Is "no till" really the best way to grow plants?

April 03, 2017

Is "no till" really the best way to grow plants?

I'm hearing of more and more growers moving to "no-till" setups for their greenhouses, raised beds, and indoor gardens. The concept is simple, by not disturbing the soil, we are allowing for the microbes to establish soil structure and improve soil quality over time. There are many benefits to "no till," but I don't think we are truly comparing apples to apples when discussing our raised beds and indoor gardens.

So for starters, let's differentiate between using an actual rototiller and just digging our indoor pots and beds. 2 totally different situations. Yes, tilling can be quite damaging to soil structure and change the microbial dominance of the soil. One of the biggest issues with tilling is you create a compaction zone at the depth of the tiller. Not something you have to worry about when double digging an indoor bed or re-mixing soil in a container. "No till" sounds way cooler, but is it the best? I think growers should try out a few different ways of amending and then compare their results by measuring plant growth and yield for themselves.

In the trials we've run, we've had better success with double digging the soil to fully mix nutrients at further depths than just topdressing. It's not really killing the worms or larger insects with that sort of disturbance. This allows us to get less mobile nutrients like phosphorus and potassium into the rhizosphere faster than just topdressing. We can mix nutrients more homogeneously deeper into the soil and by "resetting" the soil to maintain a bacterial dominance similar to agricultural land, you should be selecting for an annual crop like cannabis that prefers bacterial dominant soil.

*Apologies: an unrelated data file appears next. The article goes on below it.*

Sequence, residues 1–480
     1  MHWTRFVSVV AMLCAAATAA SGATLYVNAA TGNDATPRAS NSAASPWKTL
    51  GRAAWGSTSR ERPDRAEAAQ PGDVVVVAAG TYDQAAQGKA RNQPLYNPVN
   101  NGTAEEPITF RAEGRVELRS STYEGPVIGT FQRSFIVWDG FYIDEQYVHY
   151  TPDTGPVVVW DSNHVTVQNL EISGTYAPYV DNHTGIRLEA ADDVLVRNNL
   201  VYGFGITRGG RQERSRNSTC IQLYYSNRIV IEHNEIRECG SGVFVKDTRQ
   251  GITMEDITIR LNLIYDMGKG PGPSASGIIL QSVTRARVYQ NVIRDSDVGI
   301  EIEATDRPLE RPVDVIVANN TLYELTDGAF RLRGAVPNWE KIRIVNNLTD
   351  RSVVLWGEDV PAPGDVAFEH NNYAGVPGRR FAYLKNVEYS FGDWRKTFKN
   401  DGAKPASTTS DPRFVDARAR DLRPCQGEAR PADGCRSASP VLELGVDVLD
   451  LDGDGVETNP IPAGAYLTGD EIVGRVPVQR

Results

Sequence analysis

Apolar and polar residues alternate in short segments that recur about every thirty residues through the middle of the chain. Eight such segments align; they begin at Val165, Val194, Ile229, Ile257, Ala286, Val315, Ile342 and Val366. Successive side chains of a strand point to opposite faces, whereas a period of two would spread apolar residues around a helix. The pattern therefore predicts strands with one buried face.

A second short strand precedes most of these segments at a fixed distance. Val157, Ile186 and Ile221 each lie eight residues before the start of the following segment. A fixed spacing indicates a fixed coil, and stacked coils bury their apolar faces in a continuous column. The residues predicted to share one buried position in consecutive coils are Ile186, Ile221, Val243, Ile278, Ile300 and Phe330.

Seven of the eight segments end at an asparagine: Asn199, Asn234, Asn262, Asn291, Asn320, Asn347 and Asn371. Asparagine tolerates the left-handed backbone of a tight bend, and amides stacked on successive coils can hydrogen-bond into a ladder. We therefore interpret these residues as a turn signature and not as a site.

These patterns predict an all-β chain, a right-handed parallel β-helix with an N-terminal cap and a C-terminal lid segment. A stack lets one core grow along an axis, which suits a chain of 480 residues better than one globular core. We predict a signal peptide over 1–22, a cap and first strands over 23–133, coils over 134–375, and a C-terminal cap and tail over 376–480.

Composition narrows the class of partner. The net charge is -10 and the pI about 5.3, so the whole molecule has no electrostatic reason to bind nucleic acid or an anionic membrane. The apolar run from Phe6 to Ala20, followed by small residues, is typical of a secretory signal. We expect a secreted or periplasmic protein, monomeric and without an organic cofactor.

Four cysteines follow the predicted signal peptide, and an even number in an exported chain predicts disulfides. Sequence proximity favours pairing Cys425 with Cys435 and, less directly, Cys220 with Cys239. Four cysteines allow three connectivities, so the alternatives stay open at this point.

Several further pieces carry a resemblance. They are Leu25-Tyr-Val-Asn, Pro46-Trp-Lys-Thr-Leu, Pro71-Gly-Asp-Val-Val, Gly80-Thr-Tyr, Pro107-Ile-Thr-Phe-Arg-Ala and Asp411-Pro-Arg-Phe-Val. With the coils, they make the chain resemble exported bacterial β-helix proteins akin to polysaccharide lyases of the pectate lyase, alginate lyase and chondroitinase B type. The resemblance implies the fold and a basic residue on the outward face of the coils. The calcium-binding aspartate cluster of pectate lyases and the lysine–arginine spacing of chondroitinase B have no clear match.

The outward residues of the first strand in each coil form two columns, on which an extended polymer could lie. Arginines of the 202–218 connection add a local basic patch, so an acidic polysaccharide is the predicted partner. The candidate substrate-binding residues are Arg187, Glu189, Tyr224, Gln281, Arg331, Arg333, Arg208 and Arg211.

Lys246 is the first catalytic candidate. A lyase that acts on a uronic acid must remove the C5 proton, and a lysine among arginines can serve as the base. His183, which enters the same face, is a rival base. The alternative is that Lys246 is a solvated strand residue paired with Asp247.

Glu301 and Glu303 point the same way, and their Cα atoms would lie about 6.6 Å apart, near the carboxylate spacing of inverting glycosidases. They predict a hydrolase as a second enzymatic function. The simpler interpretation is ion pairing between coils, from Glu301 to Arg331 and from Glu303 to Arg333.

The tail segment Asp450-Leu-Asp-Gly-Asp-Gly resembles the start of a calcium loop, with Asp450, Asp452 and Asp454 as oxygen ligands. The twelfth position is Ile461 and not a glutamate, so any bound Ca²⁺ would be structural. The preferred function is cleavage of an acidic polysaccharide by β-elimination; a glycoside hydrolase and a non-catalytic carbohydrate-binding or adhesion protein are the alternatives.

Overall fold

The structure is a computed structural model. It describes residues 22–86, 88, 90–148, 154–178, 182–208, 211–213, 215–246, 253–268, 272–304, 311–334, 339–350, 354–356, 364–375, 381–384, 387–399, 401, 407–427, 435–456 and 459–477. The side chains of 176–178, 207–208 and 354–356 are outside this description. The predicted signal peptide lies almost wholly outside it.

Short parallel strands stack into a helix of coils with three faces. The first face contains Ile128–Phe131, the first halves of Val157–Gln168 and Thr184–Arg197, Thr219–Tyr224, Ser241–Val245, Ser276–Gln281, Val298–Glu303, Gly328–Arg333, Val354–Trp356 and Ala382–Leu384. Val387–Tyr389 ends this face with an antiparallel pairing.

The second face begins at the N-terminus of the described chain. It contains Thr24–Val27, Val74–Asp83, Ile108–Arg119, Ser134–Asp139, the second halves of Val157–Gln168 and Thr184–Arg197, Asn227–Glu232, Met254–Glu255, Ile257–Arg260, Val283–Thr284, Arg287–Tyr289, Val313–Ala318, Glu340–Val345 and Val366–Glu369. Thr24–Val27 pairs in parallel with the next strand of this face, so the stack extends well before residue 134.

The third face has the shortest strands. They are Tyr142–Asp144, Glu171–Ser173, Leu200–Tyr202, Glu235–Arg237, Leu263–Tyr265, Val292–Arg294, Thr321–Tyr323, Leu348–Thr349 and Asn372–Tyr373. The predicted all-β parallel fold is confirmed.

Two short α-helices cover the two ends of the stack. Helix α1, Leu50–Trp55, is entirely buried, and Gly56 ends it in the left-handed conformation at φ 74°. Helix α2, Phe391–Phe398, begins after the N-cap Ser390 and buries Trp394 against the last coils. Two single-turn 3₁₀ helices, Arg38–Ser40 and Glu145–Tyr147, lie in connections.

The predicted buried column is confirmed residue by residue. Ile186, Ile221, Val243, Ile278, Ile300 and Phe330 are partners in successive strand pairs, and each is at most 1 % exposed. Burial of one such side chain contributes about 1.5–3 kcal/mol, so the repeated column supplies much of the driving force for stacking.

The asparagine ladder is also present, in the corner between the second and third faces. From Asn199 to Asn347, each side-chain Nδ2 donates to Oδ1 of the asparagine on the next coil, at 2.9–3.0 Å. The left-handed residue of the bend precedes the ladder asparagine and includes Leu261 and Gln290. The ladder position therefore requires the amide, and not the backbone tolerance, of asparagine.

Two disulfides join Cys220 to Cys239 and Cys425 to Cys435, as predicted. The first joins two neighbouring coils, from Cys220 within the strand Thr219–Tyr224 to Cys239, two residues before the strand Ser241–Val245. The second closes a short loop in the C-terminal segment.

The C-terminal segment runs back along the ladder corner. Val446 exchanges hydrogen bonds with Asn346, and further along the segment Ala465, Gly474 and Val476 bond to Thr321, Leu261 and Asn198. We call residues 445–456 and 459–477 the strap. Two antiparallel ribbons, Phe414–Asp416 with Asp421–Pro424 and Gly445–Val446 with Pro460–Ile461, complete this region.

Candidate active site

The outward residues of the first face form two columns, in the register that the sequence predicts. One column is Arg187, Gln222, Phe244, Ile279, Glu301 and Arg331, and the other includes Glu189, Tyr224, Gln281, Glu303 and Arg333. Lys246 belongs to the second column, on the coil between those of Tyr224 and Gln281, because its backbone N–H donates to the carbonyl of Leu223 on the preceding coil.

Now having said all that, we have growers just topdressing in containers and beds and getting good results by just scratching nutrients into the surface. Tim Wilson and I have had multiple conversations on the subject and he would say don't till, but has no issues with disturbing the first couple inches of soil (this would occur in nature through animals, erosion, weather, etc...) and still considers that "no till" because you aren't going any deeper. 

My suggestion is simple. Try it out. Run a few beds or containers using a "no till" system and fully dig the nutrients into others. Treat the beds exactly the same and then measure the growth and yield at the end of the cycle. You may find that taking the time to mix the nutrients further into the soil has benefit. 

Feel free to comment below with your own experiences!

Resources:

http://www.motherearthnews.com/homesteading-and-livestock/no-till-farming-zmaz84zloeck

http://digitalcommons.usu.edu/cgi/viewcontent.cgi?article=1751&context=extension_curall

 Image courtesy of: By KVDP - Own work, Public Domain, https://commons.wikimedia.org/w/index.php?curid=4307299





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